Alternatives to cryopreservation for the short and long-term storage of mammalian cells
chapterposted on 23.06.2015, 10:15 by Karen CoopmanKaren Coopman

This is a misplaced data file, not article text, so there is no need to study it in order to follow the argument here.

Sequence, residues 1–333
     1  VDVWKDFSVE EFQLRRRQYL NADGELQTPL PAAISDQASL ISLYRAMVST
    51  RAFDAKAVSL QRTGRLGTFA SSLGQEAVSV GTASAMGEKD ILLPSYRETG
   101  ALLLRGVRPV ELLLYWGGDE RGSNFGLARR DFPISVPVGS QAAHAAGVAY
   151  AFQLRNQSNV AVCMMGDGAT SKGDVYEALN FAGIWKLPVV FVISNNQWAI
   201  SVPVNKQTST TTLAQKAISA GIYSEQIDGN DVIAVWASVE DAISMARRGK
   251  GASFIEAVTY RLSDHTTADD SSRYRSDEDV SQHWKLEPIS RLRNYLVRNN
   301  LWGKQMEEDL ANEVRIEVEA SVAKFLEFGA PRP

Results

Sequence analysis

The ability to preserve mammalian cells has long been a critical part of cell-based research for several reasons. It allows for the transport of cells between laboratories or sites, ensures the availability of consistent starting material for the research through the establishment of cell banks and can uncouple cell-based assays from the culture process. Although cryopreservation, whether conventional slow freezing or vitrification, is widely used as a method for preserving cells long-term, it can result in low cell recovery post-thaw and the cryoprotective agents used in the freezing medium can be cytotoxic. With the emergence of a cell-based therapies industry, where clinical grade cells will need to be stored and transported, there is a growing need to develop scalable GMPcompatible preservation methods that retain not just high cell viability but also clinical efficacy. With these issues in mind, this review will explore two alternatives to cryopreservation: cell desiccation for long-term storage of cells and the short-term storage of cells under hypothermic (>0°C) conditions. © 2013 by Nova Science Publishers, Inc. All rights reserved.
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